I was working on some new code for my functional programming in Scala book today. At one point I thought everything looked okay, and then I decided to generate some Scaladoc to see what certain things looked like. Admittedly I’m a bit tired today, but when I saw that Scaladoc I thought, “Good grief, Al, what sort of ugly API have you created?”

Scaladoc-driven design

The comical part of my recent surgery was that my iPhone 5S kept dying, both before and after the surgery. Something is going on where the iPhone completely loses reception, and the only way to fix it — the only hope of fixing it — is to completely restore the phone using a secret handshake technique they taught me at the local Apple Store. (They also told me this technique only works about 10% of the time, and kindly suggested I buy a new iPhone because the 5S is almost four years old.)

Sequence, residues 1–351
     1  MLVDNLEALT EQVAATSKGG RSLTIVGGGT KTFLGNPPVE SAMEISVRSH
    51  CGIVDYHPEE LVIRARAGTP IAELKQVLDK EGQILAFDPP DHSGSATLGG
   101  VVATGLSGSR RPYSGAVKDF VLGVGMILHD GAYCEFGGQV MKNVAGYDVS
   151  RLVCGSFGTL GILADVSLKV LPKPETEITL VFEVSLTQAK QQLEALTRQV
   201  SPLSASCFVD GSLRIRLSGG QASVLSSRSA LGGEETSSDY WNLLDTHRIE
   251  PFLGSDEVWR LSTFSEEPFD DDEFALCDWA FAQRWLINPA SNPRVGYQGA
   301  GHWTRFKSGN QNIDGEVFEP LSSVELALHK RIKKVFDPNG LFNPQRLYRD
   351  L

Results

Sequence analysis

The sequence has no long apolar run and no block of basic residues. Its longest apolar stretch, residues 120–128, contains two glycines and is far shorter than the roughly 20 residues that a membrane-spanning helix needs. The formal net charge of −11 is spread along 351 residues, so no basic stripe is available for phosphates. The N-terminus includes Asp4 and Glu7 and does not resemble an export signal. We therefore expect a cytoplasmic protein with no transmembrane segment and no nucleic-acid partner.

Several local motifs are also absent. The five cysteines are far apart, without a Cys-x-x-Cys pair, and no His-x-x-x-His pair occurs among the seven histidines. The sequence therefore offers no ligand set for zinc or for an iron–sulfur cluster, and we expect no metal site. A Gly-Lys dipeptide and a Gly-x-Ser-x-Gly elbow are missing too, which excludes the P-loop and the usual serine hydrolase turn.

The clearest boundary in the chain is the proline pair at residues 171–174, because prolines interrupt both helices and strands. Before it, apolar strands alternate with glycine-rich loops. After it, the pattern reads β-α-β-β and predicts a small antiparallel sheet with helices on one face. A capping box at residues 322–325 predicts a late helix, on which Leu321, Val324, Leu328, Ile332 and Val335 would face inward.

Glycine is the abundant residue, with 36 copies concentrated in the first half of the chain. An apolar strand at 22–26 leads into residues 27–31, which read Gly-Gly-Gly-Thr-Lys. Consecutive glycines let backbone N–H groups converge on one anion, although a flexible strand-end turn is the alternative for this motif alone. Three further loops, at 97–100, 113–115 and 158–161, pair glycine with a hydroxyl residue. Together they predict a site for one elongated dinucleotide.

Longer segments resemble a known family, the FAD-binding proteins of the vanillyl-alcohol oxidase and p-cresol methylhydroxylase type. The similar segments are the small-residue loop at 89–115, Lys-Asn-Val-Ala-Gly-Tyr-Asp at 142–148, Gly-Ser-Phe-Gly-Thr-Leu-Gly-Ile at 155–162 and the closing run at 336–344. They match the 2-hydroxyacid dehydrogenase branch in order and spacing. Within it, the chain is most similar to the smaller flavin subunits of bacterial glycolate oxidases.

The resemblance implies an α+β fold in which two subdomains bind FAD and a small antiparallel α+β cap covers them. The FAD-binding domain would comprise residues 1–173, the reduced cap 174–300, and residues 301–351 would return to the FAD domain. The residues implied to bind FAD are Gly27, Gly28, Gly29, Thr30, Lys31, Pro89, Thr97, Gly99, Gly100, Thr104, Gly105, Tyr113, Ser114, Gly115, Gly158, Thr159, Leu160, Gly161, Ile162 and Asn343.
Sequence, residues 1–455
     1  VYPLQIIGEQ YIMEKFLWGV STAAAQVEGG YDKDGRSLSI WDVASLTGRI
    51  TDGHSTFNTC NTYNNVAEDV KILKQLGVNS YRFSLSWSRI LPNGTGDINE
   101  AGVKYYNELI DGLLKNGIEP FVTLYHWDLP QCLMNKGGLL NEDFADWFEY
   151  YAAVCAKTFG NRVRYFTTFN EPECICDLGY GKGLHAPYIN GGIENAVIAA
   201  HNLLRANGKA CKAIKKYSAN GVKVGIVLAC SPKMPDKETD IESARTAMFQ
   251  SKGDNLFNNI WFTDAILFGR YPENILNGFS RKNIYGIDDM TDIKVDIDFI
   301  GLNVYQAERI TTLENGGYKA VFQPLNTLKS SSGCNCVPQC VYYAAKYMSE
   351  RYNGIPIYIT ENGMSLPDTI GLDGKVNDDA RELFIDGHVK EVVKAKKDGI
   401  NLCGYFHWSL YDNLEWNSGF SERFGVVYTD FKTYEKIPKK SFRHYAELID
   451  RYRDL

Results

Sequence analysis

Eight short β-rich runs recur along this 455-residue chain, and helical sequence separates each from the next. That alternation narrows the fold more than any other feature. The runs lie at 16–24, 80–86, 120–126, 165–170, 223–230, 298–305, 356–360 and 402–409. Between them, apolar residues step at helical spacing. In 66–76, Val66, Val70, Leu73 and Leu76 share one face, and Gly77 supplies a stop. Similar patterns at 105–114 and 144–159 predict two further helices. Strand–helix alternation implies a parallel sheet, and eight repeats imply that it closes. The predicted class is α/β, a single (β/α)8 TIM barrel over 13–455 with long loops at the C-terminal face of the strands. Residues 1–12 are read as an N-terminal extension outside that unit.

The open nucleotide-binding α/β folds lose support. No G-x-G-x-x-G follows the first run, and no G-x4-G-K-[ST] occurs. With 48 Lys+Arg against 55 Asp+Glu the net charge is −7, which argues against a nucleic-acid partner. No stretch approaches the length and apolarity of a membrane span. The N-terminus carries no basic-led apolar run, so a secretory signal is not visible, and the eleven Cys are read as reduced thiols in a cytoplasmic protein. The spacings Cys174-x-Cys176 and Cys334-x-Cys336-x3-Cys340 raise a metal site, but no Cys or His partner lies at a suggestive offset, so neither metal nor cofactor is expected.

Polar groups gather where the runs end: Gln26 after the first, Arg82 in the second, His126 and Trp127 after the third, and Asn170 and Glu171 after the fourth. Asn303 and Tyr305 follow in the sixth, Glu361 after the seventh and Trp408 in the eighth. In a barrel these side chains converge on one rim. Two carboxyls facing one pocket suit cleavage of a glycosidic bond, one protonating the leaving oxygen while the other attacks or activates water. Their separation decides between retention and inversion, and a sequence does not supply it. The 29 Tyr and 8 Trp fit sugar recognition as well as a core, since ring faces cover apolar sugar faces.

iPhone 5S next to a Moto E

I’m just catching up on my email backlog, and want to thank everyone for the well wishes. I’m now ~95% recovered from Surgery #6 (which was also Invasive Procedure #11), and back to full-time work.

As a quick example of how to use a Thread with a basic Handler in an Android application, the following code creates a view where the text in the TextView is updated to show the current date and time when the Button is tapped.

Java source code

First, here’s the Java source code for a file class named ThreadHandlerActivity:

“It’s okay, I know you’re scared. Okay, just don’t be scared. Just don’t fight it, okay?”

From the excellent movie, Thunderheart

This is a quote from The Mastocytosis Society on their Facebook page. The interesting part for me is that I had almost all of these symptoms for many years, but my doctors and I didn’t know there was a disease/illness known as MCAS: